Revenues at Ottawa-based Espial hold steady in Q3 as firm continues SaaS drive

Jaison Dolvane
Jaison Dolvane is founder and CEO of Ottawa-based Espial Group. (File photo)

Ottawa-based Espial Group made only slight headway in its effort to grow revenues in the third quarter as the video software provider continued its drive to convert customers to a subscription-based sales model.

Espial (TSX:ESP) reported revenues of $7.0 million for the three-month period ending Sept. 30, a three per cent increase over the $6.8 million it posted in the third quarter of 2017 and the same amount it generated in the previous quarter. Software licence revenues ​– the firm’s No. 1 source of income ​– continued to tumble, falling 28 per cent year-over-year to $2.23 million.

The decline in software licence revenues was largely offset by a major boost in revenue from Espial’s Elevate SaaS video platform, which grew from zero a year ago to nearly $2.1 million in the third quarter as the firm continued to convert customers to its new subscription-based products.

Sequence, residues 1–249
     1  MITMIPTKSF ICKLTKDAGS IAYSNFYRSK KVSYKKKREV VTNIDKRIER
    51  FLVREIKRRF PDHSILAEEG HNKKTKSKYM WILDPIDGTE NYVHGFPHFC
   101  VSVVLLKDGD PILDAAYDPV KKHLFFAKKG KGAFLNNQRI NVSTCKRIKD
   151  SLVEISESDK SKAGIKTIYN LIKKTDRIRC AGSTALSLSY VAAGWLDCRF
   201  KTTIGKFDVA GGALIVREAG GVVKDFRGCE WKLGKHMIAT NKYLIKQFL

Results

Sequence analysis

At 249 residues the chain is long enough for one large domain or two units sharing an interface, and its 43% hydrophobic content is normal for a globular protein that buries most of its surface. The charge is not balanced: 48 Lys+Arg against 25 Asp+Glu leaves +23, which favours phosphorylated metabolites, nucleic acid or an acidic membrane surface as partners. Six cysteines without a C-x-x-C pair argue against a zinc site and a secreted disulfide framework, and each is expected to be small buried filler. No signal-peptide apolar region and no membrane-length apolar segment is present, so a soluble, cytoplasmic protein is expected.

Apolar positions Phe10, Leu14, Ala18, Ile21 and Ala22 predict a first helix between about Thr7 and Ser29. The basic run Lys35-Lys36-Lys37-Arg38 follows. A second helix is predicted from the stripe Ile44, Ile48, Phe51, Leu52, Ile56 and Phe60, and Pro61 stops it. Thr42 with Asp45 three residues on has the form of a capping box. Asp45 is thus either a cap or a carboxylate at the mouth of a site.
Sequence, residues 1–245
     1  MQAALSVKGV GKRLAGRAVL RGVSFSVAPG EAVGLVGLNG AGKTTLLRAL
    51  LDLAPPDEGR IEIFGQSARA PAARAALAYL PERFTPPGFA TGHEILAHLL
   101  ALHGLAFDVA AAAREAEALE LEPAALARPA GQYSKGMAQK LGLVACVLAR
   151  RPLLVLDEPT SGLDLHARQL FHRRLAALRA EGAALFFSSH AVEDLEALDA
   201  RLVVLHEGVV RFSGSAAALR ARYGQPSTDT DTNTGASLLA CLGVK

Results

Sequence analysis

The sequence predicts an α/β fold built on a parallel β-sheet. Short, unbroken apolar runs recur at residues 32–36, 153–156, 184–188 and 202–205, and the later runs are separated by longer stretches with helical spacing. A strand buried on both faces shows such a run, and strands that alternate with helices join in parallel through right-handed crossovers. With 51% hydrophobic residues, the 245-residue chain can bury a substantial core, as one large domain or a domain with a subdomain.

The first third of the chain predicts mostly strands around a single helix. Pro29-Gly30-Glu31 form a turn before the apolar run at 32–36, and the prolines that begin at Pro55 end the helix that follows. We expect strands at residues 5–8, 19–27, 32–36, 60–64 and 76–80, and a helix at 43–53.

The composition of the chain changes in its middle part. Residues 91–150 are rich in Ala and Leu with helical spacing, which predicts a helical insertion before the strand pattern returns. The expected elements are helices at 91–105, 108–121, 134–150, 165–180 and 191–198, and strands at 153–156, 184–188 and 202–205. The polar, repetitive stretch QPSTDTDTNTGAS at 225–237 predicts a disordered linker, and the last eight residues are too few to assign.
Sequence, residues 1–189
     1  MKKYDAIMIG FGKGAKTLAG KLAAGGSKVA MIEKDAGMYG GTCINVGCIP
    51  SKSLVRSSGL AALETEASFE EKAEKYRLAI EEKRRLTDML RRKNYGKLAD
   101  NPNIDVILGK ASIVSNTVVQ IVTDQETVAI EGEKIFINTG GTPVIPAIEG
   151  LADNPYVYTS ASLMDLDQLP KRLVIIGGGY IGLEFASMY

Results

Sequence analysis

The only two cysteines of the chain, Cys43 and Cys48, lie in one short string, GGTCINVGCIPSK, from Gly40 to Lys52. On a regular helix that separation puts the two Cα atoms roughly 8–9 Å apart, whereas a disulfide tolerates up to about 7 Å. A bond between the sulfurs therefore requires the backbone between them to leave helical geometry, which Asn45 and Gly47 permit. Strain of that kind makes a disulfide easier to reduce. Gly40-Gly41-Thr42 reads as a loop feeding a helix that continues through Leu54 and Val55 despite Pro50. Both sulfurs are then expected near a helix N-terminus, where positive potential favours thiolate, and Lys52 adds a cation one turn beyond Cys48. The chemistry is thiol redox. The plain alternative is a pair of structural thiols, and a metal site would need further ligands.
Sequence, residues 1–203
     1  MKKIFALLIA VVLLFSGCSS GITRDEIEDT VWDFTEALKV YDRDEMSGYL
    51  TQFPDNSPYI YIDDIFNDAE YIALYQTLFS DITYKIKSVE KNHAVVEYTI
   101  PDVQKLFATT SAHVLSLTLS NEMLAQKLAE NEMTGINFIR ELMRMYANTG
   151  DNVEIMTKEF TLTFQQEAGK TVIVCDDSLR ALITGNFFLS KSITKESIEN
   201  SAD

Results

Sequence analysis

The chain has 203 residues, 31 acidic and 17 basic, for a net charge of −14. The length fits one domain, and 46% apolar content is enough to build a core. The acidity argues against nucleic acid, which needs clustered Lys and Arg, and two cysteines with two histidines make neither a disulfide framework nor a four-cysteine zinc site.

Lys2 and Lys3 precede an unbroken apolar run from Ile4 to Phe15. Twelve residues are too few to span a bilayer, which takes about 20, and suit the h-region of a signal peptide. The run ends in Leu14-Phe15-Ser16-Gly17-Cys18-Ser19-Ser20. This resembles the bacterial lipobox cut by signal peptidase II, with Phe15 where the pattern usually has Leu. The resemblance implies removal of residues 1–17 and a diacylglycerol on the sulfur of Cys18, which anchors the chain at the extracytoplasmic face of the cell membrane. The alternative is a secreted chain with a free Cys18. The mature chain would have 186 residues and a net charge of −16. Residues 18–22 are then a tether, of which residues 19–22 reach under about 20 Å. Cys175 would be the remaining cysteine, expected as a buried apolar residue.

Support revenues, meanwhile, plunged 32 per cent year-over-year as customers begin to transition to the new SaaS offerings and choose not to replace older software products, the company said in regulatory filings.

Espial’s revenues in North America were up 16 per cent from a year ago to $4.3 million, due largely to growing adoption of its SaaS platform, the company said. European revenues also grew slightly from $2.24 million to nearly $2.5 million year-over-year, while Asia Pacific revenues fell from $890,000 to about $286,000 ​– a drop Espial blamed on lower software licence revenues in that region.

The company slashed its net loss substantially year-over-year from $3.1 million to about $600,000, thanks in large part to cutting operating expenses from $7.6 million in the third quarter of 2017 to $5.3 million this year.

Espial announced in the spring that it was shuttering offices around the world and laying off staff in an effort to trim costs. The firm said then it expected the moves to save it $6 million annually as it shifts to focus on IP and cloud-based solutions.

Espial also announced this week it had landed a couple of U.S.-based service providers as new customers. It said Colorado’s WideOpenWest has signed on to use Espial’s Elevate video platform on its latest cable box offering, while TDS Broadband Services inked an agreement to license the Ottawa company’s Elevate Cloud technology.

Espial’s shares were up just over two per cent in late-day trading on the Toronto Stock Exchange. Friday’s stock price of $1.34 is 38 per cent lower than the 52-week high of $2.15.